Off-campus University of Richmond users: To download campus access theses, please use the following link to log in to our proxy server with your university username and password.
Date of Award
Restricted Thesis: Campus only access
Bachelor of Science
Dr. Richard Topham
Octopus dofleini and Octopus vulgaris hemocyanin contain structurally important disulfide bonds which maintain the oxygen-binding ability of the molecule. The molecules may structurally be broken down into domains, each of which contains a dicopper oxygen-binding site. Proteolytic cleavage followed by high performance chromotagraphy was used to isolate specifically the g-domain of these hemocyanins. To see if disulfide bonds were necessary to maintain oxygen-binding capacity within a specific domain as well as the whole subunits of the hemocyanin, the bonds were broken with reducing agents. The oxygen-binding was measured by the 348nm detectable color produced by the copper/oxygen charge-transfer band. Disulfide bonds were not only found to be important in maintaining oxygen-binding capacity of a single domain within the subunit, but also in maintaining the tertiary structure of the whole subunit. These disulfide bonds were able to reform once the reducing agent was removed, fully restoring the oxygen-binding and the tertiary structure. A number of factors allosterically affect the oxygen affinity of the hemocyanins, notebly pH, cations and anions. The effect of pH on the loss of the oxygen capacity upon disruption of the disulfide bonds was explored with the hemocyanin of Octopus vulgaris. A DTT treatment at 7.0, 8.0, 8.5, and 9.0 pH values showed that the stability of the molecule was pH dependent. These studies, coupled with previous experiments of the importance of disulfide bonds of arthropod hemocyanin, suggest that disulfide bond cleavage maybe an excellent chemical probe for studying the structure-function relationships of hemocyanins in general.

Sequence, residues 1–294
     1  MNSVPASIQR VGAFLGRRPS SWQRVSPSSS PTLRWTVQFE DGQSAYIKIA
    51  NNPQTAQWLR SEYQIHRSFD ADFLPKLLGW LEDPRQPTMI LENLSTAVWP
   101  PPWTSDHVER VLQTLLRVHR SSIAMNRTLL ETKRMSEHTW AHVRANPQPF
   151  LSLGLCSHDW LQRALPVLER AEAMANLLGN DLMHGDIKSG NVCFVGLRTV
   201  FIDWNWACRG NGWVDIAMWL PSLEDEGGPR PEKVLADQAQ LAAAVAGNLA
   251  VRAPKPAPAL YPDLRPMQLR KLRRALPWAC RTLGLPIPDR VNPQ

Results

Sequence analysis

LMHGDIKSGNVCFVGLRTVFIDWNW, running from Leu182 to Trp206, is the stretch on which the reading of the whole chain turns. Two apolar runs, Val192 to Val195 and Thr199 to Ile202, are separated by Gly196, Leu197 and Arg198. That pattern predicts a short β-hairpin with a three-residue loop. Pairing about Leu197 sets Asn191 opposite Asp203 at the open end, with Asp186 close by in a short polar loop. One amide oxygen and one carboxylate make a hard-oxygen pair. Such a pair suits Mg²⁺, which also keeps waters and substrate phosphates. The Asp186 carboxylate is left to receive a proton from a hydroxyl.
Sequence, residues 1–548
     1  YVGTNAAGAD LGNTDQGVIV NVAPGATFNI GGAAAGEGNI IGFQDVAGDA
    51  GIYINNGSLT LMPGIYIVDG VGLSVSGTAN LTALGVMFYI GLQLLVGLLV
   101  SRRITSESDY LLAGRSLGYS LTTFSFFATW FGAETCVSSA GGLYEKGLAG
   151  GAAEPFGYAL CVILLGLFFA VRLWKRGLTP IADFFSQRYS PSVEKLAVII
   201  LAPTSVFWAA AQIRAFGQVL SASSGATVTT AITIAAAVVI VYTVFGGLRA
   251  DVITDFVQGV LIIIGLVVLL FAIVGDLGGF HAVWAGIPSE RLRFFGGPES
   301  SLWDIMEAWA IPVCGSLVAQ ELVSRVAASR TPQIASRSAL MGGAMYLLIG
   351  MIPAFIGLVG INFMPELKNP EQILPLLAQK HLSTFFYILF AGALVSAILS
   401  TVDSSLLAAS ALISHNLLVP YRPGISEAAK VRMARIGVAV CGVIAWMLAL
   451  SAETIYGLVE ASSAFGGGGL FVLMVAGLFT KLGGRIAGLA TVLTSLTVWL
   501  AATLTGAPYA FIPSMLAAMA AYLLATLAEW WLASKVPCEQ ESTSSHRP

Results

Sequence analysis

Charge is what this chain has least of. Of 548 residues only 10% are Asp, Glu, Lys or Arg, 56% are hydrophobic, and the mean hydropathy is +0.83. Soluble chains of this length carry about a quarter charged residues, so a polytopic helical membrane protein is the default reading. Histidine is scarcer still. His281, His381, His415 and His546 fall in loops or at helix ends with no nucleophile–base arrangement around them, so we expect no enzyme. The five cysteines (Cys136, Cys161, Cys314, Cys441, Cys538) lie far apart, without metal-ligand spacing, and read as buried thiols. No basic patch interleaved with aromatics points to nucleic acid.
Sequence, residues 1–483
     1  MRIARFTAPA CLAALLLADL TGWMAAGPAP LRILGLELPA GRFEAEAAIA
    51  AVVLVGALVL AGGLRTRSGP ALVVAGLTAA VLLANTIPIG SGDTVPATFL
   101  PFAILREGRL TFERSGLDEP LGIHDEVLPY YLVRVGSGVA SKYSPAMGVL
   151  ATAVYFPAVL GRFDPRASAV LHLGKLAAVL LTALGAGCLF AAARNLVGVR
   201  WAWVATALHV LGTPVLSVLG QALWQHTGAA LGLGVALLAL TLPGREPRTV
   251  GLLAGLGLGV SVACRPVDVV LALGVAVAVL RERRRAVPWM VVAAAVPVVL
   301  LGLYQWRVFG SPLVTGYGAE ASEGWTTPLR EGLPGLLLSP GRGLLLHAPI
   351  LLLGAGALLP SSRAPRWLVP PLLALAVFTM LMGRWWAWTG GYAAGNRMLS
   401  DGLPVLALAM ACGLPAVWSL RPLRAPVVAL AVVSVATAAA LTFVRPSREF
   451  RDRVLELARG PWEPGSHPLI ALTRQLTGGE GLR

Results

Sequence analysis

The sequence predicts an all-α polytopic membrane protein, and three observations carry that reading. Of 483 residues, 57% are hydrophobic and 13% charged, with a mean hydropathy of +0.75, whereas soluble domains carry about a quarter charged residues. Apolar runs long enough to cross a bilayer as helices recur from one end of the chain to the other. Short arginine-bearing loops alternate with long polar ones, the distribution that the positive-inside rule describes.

Westcott, Amy M., "Importance of disulfide bonds in the structural maintenance of the oxygen-binding sites of Octopus Hemocyanin" (1998). Honors Theses. 467.